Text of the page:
Decided on August 03,1983



N.H.BHATT - (1.) All these References are made to this Court by the learned Judge of the City Civil Court at Ahmedabad under sec. 133 read with Order 46 Rules 2 and 4 of the Civil Procedure Code in the matters of the Civil Suits Nos. 2770/77 2773 3321 3764 4043 4044 77 493 942 2084 3158 and 197/78. The suits have been filed by various citizens challenging the notices of the Municipal Commissioner issued under secs. 212 and 213 of the Bombay Provincial Municipal Corporations Act 1949 hereinafter referred to as the Act for brevitys sake. One of the grounds challenging the said actions was that secs. 212 and 213 of the Act were ultra vires Article 14 of the Constitution of India in so far as they unreasonably provided for a notice only to the owner and not to the other interests like those of tenants to be heard before the drastic action under secs. 212 or 213 of the Act was taken. The argument found favour with the learned Judge who by his common order referred the following two questions to this court : (i) Are not the provisions of sec. 212 of the Bombay Provincial Municipal Corporations Act ultra vires Article 14 of the Constitution of India in so far the said provisions provide due opportunity of being heard to the owners of buildings whereas it does not provide such opportunity to tenants occupying the said buildings falling within the regular line of street; in this context are not the owners as also the tenants of such buildings quite alike and yet differentially treated by the said section without any intangible differentia ? (ii) Is not sec. 213 of the Bombay Provincial Municipal Corporations Act liable to be struck down on the ground that it is violative of the fundamental principles of natural justice viz. audi alteram partem in so far as before asking the owner/occupant of the land to hand over possession thereof to the Municipal Commissioner it does not provide an opportunity to such occupant/owner to show cause why the roadline earlier prescribed may not be implemented and why the land in his ownership/occupation acquired ?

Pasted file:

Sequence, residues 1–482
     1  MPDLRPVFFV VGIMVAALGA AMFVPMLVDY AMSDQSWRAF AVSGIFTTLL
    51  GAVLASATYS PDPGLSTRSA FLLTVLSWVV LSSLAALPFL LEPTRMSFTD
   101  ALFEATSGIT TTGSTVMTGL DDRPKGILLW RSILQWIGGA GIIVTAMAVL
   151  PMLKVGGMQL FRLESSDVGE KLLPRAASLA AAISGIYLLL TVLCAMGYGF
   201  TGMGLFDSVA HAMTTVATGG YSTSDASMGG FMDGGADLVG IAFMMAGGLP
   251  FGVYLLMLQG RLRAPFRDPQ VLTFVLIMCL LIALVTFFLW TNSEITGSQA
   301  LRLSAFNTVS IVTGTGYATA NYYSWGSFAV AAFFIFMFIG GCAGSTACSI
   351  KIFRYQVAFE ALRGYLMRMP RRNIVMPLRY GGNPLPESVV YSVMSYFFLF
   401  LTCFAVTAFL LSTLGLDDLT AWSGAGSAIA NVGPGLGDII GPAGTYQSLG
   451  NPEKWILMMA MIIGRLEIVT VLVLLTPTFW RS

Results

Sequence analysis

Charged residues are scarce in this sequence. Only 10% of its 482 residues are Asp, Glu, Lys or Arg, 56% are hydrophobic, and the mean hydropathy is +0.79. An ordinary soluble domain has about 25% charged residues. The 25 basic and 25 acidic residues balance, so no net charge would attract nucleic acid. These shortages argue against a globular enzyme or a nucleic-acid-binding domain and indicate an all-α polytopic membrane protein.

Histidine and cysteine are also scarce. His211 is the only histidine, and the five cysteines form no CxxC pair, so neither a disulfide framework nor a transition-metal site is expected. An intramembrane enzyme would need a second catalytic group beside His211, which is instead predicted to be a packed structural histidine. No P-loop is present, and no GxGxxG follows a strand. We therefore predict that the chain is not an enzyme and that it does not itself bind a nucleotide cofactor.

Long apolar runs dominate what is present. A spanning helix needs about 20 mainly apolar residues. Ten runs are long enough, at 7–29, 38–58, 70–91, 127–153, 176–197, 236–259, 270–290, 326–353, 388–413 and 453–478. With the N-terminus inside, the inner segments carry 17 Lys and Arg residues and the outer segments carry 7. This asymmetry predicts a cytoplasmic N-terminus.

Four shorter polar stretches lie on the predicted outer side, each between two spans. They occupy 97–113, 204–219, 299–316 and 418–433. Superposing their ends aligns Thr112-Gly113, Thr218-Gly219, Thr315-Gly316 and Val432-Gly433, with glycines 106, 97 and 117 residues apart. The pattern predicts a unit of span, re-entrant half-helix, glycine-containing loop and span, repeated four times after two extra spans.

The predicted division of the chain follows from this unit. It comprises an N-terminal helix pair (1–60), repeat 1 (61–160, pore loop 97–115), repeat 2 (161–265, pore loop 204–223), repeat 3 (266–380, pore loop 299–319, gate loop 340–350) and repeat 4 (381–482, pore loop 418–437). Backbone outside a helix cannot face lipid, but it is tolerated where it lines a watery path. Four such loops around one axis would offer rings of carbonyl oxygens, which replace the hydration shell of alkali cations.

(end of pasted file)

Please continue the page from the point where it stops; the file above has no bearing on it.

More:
(2.) The learned Advocate Mr. P. V. Nanavati appearing for the various plaintiffs urged that it was ex-facie unreasonable on the part of the Legislature to hear only the owners and exclude the other interests that were likely to be adversely affected by the actions under sec. 212 or 213 of the Act. We do not elaborate his arguments because in effect be reproduced the very arguments which were advanced before the learned trial Judge.
(3.) To us it appears that the question is no longer open to be agitated it having been set at rest by the Supreme Court before which the question had been taken against the order of the Division Bench of this court in the case of GIRDHARLAL GANPATRAM GANDHI V. THE MUNICIPAL CORPORATION OF CITY OF AHMEDABAD & ORS. 8 G. L. R. 500 Chief Justice N. M. Miabhoy as he then was sitting with N. K. Vakil J. in that case held that secs. 211 212 213 and 216 of the Act had been designed to convert private property into part of a public street directly and those powers could be brought into play after the Municipal Commissioner had prescribed a road-line under sec. 210. The Bench held that those provisions embodied a scheme for compulsory acquisition of private property and therefore directed the Municipal Commissioner to treat the notice or notices issued under sec. 12 of the Act as null and void and further directed not to act on the same. In paragraph 42 of the said judgment the learned Judges ultimately held that sec. 212 of the Act was bad. They stated that none of the powers conferred upon the Municipal Commissioner by sec. 212 could be salvaged as the scheme of acquisition as embodied therein was bad. In the circumstances the learned Judges held that the provisions contained in sec. 212 conferring various powers of issuing notices requiring demolition or authorising demolition must be held to be unconstitutional.;

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